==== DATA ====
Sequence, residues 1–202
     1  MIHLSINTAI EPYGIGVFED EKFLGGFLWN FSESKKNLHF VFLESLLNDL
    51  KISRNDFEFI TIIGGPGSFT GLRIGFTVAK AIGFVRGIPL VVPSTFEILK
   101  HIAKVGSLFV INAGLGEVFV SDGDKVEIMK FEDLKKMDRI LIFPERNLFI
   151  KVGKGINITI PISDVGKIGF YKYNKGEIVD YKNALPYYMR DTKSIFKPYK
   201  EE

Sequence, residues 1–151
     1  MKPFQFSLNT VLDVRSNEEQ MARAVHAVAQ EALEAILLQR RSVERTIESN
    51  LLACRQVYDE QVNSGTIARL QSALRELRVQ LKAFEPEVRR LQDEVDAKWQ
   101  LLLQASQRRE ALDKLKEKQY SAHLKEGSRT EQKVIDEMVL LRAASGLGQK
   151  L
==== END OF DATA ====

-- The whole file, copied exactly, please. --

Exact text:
Sequence, residues 1–202
     1  MIHLSINTAI EPYGIGVFED EKFLGGFLWN FSESKKNLHF VFLESLLNDL
    51  KISRNDFEFI TIIGGPGSFT GLRIGFTVAK AIGFVRGIPL VVPSTFEILK
   101  HIAKVGSLFV INAGLGEVFV SDGDKVEIMK FEDLKKMDRI LIFPERNLFI
   151  KVGKGINITI PISDVGKIGF YKYNKGEIVD YKNALPYYMR DTKSIFKPYK
   201  EE

Sequence, residues 1–151
     1  MKPFQFSLNT VLDVRSNEEQ MARAVHAVAQ EALEAILLQR RSVERTIESN
    51  LLACRQVYDE QVNSGTIARL QSALRELRVQ LKAFEPEVRR LQDEVDAKWQ
   101  LLLQASQRRE ALDKLKEKQY SAHLKEGSRT EQKVIDEMVL LRAASGLGQK
   151  L